Bottom-up biodiversity effects increase resource subsidy flux between ecosystems

Daniel C. Allen, Caryn C. Vaughn, Jeffrey F. Kelly, Joshua T. Cooper, Michael H. Engel

Research output: Contribution to journalArticle

47 Scopus citations

Abstract

Although biodiversity can increase ecosystem productivity and adjacent ecosystems are often linked by resource flows between them, the relationship between biodiversity and resource subsidies is not well understood. Here we test the influence of biodiversity on resource subsidy flux by manipulating freshwater mussel species richness and documenting the effects on a trophic cascade from aquatic to terrestrial ecosystems. In a mesocosm experiment, mussel effects on algae were linked through stable isotope analyses to mussel-derived nitrogen subsidies, but mussel biodiversity effects on algal accumulation were not significant. In contrast, mussel biodiversity significantly increased aquatic insect emergence rates, because aquatic insects were responding to mussel-induced changes in algal community structure instead of algal accumulation. In turn, mussel biodiversity also significantly increased terrestrial spider abundance as spiders tracked increases in aquatic insect prey after a reproduction event. In a comparative field study, we found that sites with greater mussel species richness had higher aquatic insect emergence rates. These results show that, because food webs in adjacent ecosystems are often linked, biodiversity effects in one ecosystem can influence adjacent ecosystems as well.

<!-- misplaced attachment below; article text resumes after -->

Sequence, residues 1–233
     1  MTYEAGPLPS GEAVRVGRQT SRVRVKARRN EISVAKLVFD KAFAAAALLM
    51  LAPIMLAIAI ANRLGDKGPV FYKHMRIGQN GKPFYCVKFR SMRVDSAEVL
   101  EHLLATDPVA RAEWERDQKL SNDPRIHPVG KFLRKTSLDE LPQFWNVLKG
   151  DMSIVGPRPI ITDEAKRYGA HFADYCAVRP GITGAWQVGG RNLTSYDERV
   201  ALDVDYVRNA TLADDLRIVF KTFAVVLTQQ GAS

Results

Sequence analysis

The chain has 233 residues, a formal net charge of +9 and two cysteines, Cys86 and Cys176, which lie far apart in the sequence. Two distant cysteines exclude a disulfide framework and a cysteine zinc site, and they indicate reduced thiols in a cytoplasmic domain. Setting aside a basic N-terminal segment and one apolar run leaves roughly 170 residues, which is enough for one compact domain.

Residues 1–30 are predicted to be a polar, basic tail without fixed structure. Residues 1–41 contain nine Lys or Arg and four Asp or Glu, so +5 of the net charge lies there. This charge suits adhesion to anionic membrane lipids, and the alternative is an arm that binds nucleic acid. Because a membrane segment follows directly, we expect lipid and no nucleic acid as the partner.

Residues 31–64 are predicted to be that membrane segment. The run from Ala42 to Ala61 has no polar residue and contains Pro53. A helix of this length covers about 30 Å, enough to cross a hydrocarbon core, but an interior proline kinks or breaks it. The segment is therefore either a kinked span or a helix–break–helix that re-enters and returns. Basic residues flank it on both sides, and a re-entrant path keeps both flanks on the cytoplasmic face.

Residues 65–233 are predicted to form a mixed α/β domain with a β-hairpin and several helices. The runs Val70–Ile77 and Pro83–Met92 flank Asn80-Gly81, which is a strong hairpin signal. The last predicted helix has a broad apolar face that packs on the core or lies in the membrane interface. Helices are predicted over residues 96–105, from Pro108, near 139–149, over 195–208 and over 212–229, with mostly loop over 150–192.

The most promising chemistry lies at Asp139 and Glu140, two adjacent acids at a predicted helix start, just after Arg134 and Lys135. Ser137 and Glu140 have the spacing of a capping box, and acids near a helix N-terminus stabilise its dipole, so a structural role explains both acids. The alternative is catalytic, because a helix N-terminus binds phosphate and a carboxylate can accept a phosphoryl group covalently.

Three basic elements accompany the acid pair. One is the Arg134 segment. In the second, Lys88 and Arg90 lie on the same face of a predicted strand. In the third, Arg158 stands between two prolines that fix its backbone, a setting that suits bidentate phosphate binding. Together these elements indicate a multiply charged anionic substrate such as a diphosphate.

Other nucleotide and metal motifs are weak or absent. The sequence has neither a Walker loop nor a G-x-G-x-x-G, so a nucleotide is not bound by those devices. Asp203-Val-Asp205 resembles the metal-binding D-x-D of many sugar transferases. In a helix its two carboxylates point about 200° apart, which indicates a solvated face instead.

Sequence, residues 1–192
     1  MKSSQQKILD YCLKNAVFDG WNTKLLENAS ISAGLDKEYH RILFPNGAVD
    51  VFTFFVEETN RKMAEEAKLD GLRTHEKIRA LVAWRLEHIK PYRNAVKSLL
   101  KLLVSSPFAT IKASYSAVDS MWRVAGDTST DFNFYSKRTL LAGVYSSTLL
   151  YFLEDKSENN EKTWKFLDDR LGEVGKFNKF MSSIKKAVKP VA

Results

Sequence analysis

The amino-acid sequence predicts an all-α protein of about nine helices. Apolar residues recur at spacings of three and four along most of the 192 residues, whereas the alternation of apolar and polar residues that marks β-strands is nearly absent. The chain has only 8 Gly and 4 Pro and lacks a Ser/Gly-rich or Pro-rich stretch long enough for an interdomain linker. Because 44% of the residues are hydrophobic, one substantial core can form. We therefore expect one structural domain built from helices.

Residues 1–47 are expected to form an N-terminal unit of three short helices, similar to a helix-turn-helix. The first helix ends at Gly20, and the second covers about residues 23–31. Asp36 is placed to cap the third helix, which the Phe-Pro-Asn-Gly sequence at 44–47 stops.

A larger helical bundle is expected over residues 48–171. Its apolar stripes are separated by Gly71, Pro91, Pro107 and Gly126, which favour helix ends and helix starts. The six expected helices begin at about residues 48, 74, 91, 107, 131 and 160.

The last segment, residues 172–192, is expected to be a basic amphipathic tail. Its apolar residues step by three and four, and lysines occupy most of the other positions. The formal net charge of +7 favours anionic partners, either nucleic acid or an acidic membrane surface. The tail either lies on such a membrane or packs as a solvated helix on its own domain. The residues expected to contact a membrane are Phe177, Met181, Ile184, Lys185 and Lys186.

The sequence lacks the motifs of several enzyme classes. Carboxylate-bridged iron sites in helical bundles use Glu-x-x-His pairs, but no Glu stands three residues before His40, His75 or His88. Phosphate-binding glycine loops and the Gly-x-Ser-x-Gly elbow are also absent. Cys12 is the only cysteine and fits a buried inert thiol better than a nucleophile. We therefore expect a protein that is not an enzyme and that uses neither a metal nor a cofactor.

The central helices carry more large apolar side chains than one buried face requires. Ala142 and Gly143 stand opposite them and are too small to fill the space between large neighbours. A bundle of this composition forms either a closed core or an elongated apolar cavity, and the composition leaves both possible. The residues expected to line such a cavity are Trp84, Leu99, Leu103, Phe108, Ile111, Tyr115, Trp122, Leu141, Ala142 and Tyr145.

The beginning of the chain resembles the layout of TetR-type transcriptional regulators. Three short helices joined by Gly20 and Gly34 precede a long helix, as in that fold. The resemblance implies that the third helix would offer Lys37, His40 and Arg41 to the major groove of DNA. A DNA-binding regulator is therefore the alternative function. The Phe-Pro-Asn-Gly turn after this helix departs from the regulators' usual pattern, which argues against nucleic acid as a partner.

Original languageEnglish (US)
Pages (from-to)2165-2174
Number of pages10
JournalEcology
Volume93
Issue number10
DOIs
StatePublished - Oct 2012

Keywords

  • Aquatic-terrestrial linkages
  • Biodiversity and ecosystem function (BEF)
  • Bivalvia: unionidae
  • Resource subsidies
  • Stable isotope

ASJC Scopus subject areas

  • Ecology, Evolution, Behavior and Systematics

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  • Cite this

    Allen, D. C., Vaughn, C. C., Kelly, J. F., Cooper, J. T., & Engel, M. H. (2012). Bottom-up biodiversity effects increase resource subsidy flux between ecosystems. Ecology, 93(10), 2165-2174. https://doi.org/10.1890/11-1541.1